Facebook opens Internet.org to developers

Facebook has invited developers to write new sites, services apps for its Internet.org platform in an attempt to boost the numbers of people in emerging markets connecting to the internet.
The decision has drawn criticism from online activists in India who expressed concern over the social network’s control over all data accessed on the service, saying it violated the principles of an open web.
Internet.org offers free access via mobile phones to pared-down web services, focused on job listings, agricultural information, healthcare and education, as well as Facebook’s own social network and messaging services.
It has been launched in nine countries in Africa, Latin America and Asia, including India, bringing over 8 million people online, said Chris Daniels, vice president of product for Internet.org, who was in New Delhi to speak with partners and operators.
The platform will be open to all developers who meet certain guidelines, including that they produce content that can be browsed on both basic mobile phones as well as smartphones and is accessible in limited bandwidth situations, Facebook said.
The U.S. company partnered with Reliance Communications to launch the project in India in February.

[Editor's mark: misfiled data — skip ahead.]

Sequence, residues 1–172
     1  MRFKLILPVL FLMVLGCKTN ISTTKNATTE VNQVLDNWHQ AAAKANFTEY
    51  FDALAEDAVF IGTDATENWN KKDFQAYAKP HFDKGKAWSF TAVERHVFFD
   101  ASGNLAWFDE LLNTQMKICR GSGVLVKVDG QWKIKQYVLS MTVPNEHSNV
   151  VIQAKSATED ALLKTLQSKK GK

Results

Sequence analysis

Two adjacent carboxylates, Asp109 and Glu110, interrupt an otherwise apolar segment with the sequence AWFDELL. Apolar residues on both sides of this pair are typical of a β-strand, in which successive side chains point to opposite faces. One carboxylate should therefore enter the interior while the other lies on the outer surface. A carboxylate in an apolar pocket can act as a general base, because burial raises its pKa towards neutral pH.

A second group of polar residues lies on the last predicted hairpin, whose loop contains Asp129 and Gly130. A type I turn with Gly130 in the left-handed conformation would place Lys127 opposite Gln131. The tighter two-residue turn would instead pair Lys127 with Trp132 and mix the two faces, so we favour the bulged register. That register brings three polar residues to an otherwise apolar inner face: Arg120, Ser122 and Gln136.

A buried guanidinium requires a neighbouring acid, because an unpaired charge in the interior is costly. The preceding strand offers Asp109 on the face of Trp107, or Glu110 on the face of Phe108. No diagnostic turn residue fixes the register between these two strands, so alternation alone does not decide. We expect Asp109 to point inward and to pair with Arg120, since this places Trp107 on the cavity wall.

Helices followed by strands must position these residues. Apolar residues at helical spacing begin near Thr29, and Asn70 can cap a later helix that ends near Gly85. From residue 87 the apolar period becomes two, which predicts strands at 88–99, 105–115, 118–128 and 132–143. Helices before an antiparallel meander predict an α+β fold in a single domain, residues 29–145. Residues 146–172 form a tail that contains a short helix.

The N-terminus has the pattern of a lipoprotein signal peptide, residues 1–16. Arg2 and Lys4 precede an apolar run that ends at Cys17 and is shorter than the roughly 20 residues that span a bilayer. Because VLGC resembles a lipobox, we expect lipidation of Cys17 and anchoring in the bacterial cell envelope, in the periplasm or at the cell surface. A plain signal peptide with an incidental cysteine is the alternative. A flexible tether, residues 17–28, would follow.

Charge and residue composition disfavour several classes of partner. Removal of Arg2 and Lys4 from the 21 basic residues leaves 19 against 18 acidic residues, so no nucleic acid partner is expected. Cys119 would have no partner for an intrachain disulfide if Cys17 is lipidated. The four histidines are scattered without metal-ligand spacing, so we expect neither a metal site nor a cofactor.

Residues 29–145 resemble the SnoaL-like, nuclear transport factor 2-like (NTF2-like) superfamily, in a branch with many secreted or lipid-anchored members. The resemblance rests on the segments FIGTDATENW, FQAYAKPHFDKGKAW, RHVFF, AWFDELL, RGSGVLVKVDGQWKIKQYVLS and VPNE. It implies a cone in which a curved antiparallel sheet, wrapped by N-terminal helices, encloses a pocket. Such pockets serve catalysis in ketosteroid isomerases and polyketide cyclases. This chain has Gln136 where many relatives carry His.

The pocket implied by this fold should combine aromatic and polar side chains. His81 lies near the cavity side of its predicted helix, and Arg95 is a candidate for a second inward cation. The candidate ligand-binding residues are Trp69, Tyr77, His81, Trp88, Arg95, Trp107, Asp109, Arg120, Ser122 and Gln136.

But a number of e-commerce firms and content developers pulled out of the service after activists claimed it violated principles of net neutrality – the concept that all websites on the internet are treated equally.
Nikhil Pahwa, volunteer with pro-net neutrality campaign group savetheinternet.in, said the service would cause a permanent shift in the way the internet works.
“Did we give unlimited free calls to people so that more people start making calls? So why this almost patronising approach to the Internet. You’re effectively disadvantaging other companies and broader usage of the web,” said Pahwa, who is also the founder of Medianama.com, a New Delhi-based digital media publication.
Daniels said Internet.org was open to mobile operators and involved no payments, either to or from the developers.
“The principles of neutrality must co-exist with programs that also encourage bringing people online,” he told Reuters.
Facebook chief executive Mark Zuckerberg said in a video post: “Access equals opportunity. Net neutrality should not prevent access. We need both, it’s not an equal Internet if the majority of people can’t participate.”

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